On Thursday, President Rodrigo Duterte ordered a community quarantine in all areas of Luzon, which basically is another word for “lockdown”, announced and declared public and live on March 15, and had stated that it will be ensued up to April 14.
When ABS-CBN had already beat the President down to announcing a lockdown measure, everyone was panicking, rushing to malls or supermarkets to hoard whatever they can. Hygiene items and canned goods sections were nearly empty. President Duterte’s public speech at the time seemed to be what residents are waiting for with bated breath.
Repetitive and ambiguous, the address provided by the President didn’t ease the residents’ mind and were left even more dumbfounded at how exactly the lockdown measures instill “peace and order” in the region, how it would be implemented, and how they would address the needs of Filipinos who are unable to work remotely or access hospitals.
Community quarantine may either be a softer version of a lockdown in trying to assess the situation or a muddled mess misunderstood lockdown. Duterte’s own cabinet secretaries pushed back on aspects of the community quarantine measures last Friday that rendered it possible that up to 2 million people could enter and leave Metro Manila every day.
“Every agency has its own interpretation of what happened [Thursday] night,” said Gene Nisperos, an assistant professor at the University of the Philippines Manila College of Medicine. “People are confused.”
President Duterte’s decision to deploy police and military to enforce quarantine measures, which he emphasized was “not martial law”, was bashed by Filipinos. For them, it wasn’t safe and secure, much less even reasonable, demanding that more medical frontliners should be deployed and kept people in check. President Duterte clarified in the statement, though, that the deployment of enforcers and military were meant to ensure that every citizen is following the orders properly. However, antsy and angry citizens, specifically concentrated students, would have none of it.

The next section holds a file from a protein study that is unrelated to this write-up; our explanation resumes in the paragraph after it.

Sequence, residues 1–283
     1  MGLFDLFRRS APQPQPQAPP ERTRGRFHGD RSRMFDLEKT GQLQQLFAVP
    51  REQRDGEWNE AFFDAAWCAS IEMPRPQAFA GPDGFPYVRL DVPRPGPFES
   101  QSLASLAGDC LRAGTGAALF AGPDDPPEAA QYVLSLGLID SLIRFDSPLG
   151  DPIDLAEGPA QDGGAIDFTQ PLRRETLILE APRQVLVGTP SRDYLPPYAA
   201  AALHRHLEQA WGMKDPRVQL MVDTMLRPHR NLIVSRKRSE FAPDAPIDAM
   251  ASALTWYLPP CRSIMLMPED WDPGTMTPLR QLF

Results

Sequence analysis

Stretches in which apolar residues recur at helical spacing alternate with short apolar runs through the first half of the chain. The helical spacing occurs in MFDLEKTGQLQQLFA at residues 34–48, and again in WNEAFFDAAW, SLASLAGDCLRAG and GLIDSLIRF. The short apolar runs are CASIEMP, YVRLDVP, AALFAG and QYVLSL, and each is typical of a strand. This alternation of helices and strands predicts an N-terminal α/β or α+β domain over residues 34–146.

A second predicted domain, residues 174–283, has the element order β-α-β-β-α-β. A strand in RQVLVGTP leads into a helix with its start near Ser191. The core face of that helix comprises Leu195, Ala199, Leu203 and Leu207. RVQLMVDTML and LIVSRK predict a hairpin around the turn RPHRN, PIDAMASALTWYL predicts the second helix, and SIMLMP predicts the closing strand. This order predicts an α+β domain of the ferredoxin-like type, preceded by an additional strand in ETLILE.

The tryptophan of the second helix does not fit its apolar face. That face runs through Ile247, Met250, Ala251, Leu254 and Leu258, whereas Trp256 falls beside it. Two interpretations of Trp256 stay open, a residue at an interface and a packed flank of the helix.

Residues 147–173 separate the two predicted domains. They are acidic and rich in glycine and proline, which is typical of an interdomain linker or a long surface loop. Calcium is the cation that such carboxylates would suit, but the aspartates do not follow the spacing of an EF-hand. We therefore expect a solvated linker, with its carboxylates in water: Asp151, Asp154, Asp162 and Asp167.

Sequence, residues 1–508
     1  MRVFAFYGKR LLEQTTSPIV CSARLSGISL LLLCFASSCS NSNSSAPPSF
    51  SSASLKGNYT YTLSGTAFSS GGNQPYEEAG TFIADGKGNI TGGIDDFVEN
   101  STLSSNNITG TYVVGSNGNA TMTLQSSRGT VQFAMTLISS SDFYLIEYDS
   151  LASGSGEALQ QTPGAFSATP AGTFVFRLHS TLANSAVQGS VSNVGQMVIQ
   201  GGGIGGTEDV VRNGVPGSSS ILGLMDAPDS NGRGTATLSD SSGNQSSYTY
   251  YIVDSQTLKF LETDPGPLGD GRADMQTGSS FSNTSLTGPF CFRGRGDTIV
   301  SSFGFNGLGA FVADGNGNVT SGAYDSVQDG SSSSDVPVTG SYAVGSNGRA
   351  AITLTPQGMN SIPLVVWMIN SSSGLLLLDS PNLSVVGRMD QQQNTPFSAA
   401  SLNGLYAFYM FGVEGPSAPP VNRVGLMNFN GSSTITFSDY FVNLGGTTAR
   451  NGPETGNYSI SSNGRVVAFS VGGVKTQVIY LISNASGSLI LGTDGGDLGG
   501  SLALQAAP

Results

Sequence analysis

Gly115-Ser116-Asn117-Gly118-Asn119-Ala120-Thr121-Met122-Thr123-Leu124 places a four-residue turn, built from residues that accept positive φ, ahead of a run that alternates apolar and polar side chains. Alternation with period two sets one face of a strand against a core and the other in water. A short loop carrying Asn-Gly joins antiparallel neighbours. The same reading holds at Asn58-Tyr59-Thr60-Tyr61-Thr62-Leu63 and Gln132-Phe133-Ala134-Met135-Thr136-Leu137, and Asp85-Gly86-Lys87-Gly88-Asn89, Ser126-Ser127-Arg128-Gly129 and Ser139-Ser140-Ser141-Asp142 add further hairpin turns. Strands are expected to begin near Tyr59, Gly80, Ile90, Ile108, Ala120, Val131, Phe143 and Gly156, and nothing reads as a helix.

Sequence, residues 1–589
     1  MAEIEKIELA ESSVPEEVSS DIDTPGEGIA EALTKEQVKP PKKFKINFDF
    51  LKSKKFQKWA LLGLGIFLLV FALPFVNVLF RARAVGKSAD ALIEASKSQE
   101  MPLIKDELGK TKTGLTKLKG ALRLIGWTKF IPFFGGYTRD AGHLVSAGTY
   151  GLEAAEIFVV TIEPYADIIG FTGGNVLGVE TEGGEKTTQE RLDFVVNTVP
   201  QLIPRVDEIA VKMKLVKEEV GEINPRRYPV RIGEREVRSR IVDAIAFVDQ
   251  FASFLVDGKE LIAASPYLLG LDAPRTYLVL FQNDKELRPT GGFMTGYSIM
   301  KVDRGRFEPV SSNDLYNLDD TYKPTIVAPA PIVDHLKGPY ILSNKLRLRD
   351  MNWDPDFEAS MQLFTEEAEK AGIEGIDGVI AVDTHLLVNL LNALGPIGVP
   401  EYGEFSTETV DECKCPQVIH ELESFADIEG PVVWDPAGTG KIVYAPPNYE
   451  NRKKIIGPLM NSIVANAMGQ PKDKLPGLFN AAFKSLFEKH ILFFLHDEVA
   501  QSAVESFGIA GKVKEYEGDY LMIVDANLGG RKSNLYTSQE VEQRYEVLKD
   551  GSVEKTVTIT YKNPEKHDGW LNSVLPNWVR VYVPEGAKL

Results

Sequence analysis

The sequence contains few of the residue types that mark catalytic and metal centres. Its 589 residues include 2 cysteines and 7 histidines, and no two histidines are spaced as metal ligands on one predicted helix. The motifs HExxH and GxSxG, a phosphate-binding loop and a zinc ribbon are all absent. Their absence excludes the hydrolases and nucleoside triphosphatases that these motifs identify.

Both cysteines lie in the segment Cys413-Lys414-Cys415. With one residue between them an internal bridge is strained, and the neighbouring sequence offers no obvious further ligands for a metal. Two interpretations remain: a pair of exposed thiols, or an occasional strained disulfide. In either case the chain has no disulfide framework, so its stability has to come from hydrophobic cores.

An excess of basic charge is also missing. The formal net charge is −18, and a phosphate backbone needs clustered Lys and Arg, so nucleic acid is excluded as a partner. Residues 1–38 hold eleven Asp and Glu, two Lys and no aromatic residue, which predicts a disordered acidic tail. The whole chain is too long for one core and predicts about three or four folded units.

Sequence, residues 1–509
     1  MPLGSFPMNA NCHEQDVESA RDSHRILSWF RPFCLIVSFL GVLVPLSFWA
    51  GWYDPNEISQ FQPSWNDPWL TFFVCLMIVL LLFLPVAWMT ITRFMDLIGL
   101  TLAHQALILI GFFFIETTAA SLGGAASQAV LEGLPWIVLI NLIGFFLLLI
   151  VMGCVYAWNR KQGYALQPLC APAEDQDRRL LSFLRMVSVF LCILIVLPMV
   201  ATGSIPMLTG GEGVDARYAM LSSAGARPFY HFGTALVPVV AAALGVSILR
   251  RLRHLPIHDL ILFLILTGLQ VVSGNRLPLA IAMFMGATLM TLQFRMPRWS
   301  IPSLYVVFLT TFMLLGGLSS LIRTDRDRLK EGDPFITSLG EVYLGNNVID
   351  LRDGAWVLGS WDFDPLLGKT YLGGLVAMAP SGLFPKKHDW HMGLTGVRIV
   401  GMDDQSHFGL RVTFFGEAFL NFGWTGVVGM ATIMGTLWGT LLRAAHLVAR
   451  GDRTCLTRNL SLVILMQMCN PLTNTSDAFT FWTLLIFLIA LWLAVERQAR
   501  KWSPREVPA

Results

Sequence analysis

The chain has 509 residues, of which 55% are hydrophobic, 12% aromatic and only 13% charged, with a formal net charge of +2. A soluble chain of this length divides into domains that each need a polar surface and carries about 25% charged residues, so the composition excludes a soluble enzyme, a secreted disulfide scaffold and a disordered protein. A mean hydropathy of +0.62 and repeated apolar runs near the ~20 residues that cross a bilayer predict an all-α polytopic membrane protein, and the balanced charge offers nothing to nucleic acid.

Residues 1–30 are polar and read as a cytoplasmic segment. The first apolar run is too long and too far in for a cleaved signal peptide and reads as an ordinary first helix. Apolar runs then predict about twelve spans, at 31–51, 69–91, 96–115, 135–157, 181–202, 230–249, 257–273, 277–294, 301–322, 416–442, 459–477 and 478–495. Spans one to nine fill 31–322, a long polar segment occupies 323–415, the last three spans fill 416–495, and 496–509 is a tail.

University of the Philippines students hold a rally at Palma Hall at the UP campus in Quezon City on Friday, September 21, 2018, commemorating the 1972 #MartialLaw proclamation. Photo by Darren Langit/Rappler pic.twitter.com/fOqljI4fnD
— Rappler (@rapplerdotcom) September 21, 2018
“You cannot just enforce a cure,” Nisperos said. “You cannot use the power of the gun to mitigate the spread of the disease. But this is what we’re looking at now.”
By March 17, President Duterte had declared enhanced quarantine measures, which is basically the actual “lockdown” ensued throughout Luzon. It wasn’t as crystal-clear like the previous, but implementation was progressive, if not clearly defined. Various hotlines amidst quarantine measures and other coronavirus-related concerns and emergencies were handed out across social media and news sites, follow-up guidelines, such as “one per house” policy, were implemented.
Still, people are still on edge and being quarantined for a whole month may not help the case either, but inevitably, it could have been for the best in the meantime. Still, it was a disaster from the beginning and onto the next.